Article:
Barely sunrise and already four alligators have crawled
out of the murky waters of the Intercoastal.
Draped across rocks, the remains of dead logs,
scaly road blocks on the narrow path prompting
tourists to pause, squealing in mock
fright to snap a picture with their phones.
If you were here you’d say: another beautiful
day in South Florida, damn it.
You’d smile at the tourists, a fellow retiree, a scratch golfer in plaid
slacks and green polo shirt. Hand them free key chains
from Solco Plumbing Supplies because
you never know when a sink will clog, when
a toilet will stop mid-flush.
An anhingha spreads its wings, attacking
the early morning stillness. Black feathers coated with oil
head drooping on its slick rotten breast.
Egrets, little blue herons, great blue herons, black crowned night herons.
We’ve seen all the herons in the Peterson’s Guide Book and now there’s nothing
left. Now I can’t stand the sight of them.
At the edge of my retina a surprise fluttering
shock of yellow under tail. If you were
here we’d raise our binoculars.
Ecstastic, high fiving, as if we’d hit the Mega-Millions.
You’d step over the gators. They’re babies. . .
they won’t eat you. Take my hand, tell
me how the Everglades is protected land.
You could run drugs in these waters,
kill a man, dump his body over the side of a motorboat
and still be at Wolfie’s in time
for the Early Bird.
At the end of the day
it’s a swamp, baby girl.
A trussed up
political hockey puck. A no account
I miss it, our swamp. Years migrating, two, seven, nine, fourteen,
so it’s a different laughing gull who shits on the window
of my car outside Ruby Tuesday’s after one beer too
many – before I go home with men whose names
I never bother to keep.
Turkey vultures perch on a cypress tree,
preening, stretching, observing me coolly
like arthritic old men waiting
for the seasons to change
for a gin fizz nocturne
for rain or the devil
for a swallow to forget
it’s a meal for bigger birds,
for a gator to open its jaws and catch a tourist or
three, snapping through bone,
a clean satisfying break.
Sometimes when I’m gardening in my
Backyard, thousands of miles from Boynton Beach,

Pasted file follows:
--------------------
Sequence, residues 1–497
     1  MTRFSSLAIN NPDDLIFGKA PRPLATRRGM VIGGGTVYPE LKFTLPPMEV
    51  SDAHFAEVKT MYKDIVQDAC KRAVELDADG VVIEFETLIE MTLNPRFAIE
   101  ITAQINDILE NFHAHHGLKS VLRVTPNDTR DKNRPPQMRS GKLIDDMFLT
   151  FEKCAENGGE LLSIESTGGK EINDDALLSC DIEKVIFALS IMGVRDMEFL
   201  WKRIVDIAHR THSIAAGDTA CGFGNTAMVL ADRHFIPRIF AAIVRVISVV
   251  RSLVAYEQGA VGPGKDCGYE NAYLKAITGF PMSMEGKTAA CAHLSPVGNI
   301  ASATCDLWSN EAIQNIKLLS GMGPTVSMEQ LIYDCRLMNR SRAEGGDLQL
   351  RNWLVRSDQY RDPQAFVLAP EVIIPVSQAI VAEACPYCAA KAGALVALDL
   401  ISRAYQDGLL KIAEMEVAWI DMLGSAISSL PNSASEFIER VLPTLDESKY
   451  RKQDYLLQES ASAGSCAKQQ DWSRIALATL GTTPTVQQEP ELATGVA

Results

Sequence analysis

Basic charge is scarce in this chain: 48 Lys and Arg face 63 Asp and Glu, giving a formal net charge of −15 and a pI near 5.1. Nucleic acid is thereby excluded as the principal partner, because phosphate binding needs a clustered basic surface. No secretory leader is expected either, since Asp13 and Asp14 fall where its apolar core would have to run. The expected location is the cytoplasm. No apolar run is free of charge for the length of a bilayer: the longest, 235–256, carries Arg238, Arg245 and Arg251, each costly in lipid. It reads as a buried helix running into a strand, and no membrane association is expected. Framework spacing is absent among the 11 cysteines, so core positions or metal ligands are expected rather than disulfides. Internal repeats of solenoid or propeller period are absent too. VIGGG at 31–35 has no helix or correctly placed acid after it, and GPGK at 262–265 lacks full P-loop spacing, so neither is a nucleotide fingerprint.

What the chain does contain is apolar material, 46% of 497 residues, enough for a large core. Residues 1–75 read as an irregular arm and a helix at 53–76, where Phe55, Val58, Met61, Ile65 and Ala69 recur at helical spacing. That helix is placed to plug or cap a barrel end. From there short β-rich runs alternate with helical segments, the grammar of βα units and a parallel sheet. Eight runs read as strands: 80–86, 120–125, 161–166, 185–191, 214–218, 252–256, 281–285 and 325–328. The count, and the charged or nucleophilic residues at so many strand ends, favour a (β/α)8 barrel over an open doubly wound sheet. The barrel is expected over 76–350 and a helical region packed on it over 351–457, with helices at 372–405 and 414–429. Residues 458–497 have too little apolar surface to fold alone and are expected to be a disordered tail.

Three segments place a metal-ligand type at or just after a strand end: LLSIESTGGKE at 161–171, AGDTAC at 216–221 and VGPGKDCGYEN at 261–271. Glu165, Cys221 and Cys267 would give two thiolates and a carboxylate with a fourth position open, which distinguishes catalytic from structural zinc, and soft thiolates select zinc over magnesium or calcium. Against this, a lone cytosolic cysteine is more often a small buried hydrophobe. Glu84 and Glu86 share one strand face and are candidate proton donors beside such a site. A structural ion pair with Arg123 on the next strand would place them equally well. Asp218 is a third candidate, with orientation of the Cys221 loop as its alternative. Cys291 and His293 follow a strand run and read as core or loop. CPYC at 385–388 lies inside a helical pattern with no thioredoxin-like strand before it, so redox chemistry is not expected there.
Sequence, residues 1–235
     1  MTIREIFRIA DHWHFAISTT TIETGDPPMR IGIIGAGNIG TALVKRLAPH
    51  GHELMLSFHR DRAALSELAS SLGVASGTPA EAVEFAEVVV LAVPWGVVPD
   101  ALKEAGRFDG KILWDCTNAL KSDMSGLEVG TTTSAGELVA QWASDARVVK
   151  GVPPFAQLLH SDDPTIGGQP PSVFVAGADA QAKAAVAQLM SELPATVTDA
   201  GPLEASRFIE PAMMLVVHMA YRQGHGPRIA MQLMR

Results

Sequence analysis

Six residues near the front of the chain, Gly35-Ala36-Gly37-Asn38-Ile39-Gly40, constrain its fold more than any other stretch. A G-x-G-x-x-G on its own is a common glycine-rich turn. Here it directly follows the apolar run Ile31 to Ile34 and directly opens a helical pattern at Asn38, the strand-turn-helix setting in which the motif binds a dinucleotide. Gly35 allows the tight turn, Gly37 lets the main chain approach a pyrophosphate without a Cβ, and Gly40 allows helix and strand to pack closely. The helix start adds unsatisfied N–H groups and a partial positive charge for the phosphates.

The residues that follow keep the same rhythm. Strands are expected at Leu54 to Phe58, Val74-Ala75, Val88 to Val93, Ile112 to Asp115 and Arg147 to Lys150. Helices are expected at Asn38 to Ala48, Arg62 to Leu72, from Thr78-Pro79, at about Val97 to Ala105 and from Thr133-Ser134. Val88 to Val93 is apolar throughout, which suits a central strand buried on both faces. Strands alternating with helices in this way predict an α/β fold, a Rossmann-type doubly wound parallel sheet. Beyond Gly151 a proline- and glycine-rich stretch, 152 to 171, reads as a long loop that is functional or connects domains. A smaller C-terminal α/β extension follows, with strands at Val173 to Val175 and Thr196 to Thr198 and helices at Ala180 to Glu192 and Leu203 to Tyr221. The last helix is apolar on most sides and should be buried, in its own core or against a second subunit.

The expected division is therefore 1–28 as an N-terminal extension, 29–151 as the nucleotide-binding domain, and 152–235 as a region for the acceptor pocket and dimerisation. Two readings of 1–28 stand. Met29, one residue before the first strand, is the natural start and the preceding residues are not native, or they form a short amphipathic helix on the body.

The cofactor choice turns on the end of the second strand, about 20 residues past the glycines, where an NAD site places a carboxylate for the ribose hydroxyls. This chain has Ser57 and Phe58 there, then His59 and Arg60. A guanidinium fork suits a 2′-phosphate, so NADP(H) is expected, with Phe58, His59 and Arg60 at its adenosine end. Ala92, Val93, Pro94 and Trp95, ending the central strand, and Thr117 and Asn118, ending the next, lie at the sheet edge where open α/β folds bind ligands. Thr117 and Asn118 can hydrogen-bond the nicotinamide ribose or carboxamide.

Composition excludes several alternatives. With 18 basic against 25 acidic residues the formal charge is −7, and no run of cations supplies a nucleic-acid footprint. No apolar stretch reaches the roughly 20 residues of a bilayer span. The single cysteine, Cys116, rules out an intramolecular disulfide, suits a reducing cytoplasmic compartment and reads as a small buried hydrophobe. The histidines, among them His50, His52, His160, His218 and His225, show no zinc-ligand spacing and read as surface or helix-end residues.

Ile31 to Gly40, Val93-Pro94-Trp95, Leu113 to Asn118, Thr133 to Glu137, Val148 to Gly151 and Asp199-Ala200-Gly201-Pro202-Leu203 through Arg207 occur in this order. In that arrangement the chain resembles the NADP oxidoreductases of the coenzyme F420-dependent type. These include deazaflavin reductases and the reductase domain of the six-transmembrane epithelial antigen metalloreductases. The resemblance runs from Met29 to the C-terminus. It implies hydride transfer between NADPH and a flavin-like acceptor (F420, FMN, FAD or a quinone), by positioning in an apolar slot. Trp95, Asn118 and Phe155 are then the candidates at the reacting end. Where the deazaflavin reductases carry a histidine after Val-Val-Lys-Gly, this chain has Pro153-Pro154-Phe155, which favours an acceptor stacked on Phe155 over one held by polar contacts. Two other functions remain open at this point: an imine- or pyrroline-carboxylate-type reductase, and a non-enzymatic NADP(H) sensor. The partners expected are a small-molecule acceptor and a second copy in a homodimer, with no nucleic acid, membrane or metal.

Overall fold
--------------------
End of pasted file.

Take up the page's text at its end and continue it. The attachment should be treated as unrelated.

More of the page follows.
I see a sparrow watching from
the top branch of the highest pine and
I think you’ve come back.
If you were here, you’d say: feed my ashes to the cattle egrets
scatter them in the Atlantic far from anything you
the waves depositing you again and again and
again and again and
glittery mica in the sand
a torn starfish, jagged green sea
the tops of my feet.
It’s my lunch hour so I drive to Burger Heaven,
sit on top of a picnic table in the parking lot
watching Billy Plaskin bring fried clams and watered
down Cokes to people whose idea of fine dining
is when there’s still enough paper napkins left in the dispenser.
Hot dogs soak in water so long their skin gets all crinkled
Too much salt in the fries, too much trash in the ketchup smeared bins
I used to have to empty at the end of my shift.
Billy Plaskin has three moles on the inside of his thigh,
shaped like a snow cone.
There are calluses on the tips of his fingers,
his eyes so pure blue they look fake
You could slide a blade of grass between the gap
in his two front teeth.
If I don’t love him it’s not for lack of trying
or because he hums to himself when he sweeps
out the storeroom, a Chubby checker tune.
Not Let’s Twist Again.
A song on the flip side most people don’t know.
After closing time nothing’s moving in the lot
but windblown trash and cicadas and Billy and me.
His hand slips under the waistband of my shorts.
I pretend not to notice anything,
not the splinter lodged in the small of my back,
not the greasy smells or the way he sighs like a grateful St. Bernard.
Are stars solid or white sparks
from a distant cigarette?
What remains of minor planets
after meteor showers?
Bright dead points of light?
Billy shows me Ursa Minor,
ladle and bowl like a shovel
pinned to black licorice night
BETH SHERMAN has an MFA in creative writing from Queens College, where she teaches in the English department. Her poetry has been published in Hawaii Pacific Review and is forthcoming in Hartskill Review. Her short stories are forthcoming in The Portland Review and Joyce Quarterly. In spring 2013, she was a writer-in-residence at The Louis Armstrong House Museum in New York City. She has also written five mystery novels, published by Avon Books, a division of HarperCollins.